But I digress.

What I want to say is that I followed the recipe on the back of the packet.  It makes a thick but runny batter that is a bit prone to lumpiness.  You do have to give it a really really good stir to get the lumps out.  The instructions say to leave to rise for 20 minutes before cooking. 

 After 20 minutes mine had done nothing.  (I put a small pencil mark on the lining paper to check this.)  In the end I left it for about an hour and half (due to school run) and it had rise about 1 inch.  
At this point I popped it in the oven for the 25 minutes recommended.  When it came out the tap on the bottom sounded a bit "damp" so I popped it back in for another 5 minutes without the tin.

I hope that from the photo you can see that it has a lovely, open texture.  It is definitely light and airy The crust is quite good, although a bit crackled.  This certainly does not detract from the overall quality of the bread.  

Flavour wise it does taste a bit strange on its own.  It also has a noticeable aroma, nothing bad, just not what I am used to as a bread smell.  However, once you have added jam (blackcurrant in this case)  it tastes just fine.  I have also tried it with my favourite oil and salt dipping mix and it did well. 

Overall, if I had to give up real bread tomorrow then I would be happy to live on this as a substitute and it tastes far better than any GF bread product I have tasted from a supermarket packet.  It was easy to make and the only change I would make to the packet instructions would be to add that you might need longer for the bread to rise depending on the temperature of your kitchen.   


My family really enjoyed this for breakfast this morning and it made very good toast.
Glebe Farm can be contacted via their website which is:

Sunday, 13 September 2015

Leek, Potato and Pea Soup


A while ago I finally set up a Twitter account, mainly because I needed to actually get serious about advertising my bread making courses and also to see what everyone else was talking about.  One friend summed it up as, "Facebook is everyone sharing pictures of cats, Twitter is everyone sharing pictures of cakes."  Right up my street then.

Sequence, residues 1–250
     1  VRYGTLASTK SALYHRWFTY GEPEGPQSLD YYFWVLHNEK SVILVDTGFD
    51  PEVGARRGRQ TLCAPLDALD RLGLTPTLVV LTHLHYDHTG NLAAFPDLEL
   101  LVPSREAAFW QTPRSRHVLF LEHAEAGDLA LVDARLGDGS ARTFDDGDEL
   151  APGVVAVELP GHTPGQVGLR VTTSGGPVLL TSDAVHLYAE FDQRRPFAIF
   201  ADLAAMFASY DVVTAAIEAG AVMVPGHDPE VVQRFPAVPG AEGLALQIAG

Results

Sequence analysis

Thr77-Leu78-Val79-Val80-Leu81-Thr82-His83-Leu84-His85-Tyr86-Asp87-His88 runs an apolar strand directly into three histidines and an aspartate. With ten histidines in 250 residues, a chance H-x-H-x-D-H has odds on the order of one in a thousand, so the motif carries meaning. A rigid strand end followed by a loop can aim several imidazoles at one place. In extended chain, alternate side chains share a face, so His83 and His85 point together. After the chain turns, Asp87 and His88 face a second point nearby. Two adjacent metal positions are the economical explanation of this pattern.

Being on Twitter has had two positive outcomes, first of all the need to feed the ever hungry internet information beast has finally given me the kick up the proverbial I needed to start writing again and also I have found some interesting new recipes and foody ideas.  

One of these foody ideas is Meat Free Mondays.  There is nothing like having to feed small children to make you look at your diet and decide that improvements have to be made.  You can no longer get away with munching a bowl of cereal in front of the TV on an evening just because you can't be bothered and you can no longer get away with ignoring vegetables,  If you try to then the ever present parent guilt centre of your brain will light up and prod you into action or send you to the nearest chocolate bar.  

To combat this I have been trying to cook more vegetarian food.  Luckily my kids like veg, my husband likes veg and I like it too, I just get fed up with all the peeling sometimes.  The real difficulty comes in finding good recipes.   Yes, there are meat free alternatives to most meat products available but they are quite expensive, tend to be a bit dry (to my personal taste) and vegetarian bacon!  That is a reason all in itself.  If you have never experienced vegetarian bacon then you are in for, well, an experience.

All this preamble serves as an introduction to my latest favourite recipe, Leek, Potato and Pea Soup. This comes from 1000 Recipes, a small but weighty cook book that was my Mum's favourite and is now mine.  Old fashioned, no pictures and lots of assumed knowledge but the best kitchen stand by I have, even, dare I say, more often consulted than Delia.

The beauty of this recipe is that if you eat it with whole meal bread then the peas and wheat combine together to give you a full range of proteins in one meal.  This makes it an excellent choice for vegetarians.  Vitamin C from the potato and plenty of greens from the peas and leeks.  

I know that I haven't specified quantities because it all depends on whether you want it to taste of peas, leeks or potatoes the most.  For those that would like guidance I recommend 2 medium leeks to 1 potato and 3 tablespoons of peas.  Add a good pinch of stock powder and 1 sprig of mint.

Leek, Potato and Pea Soup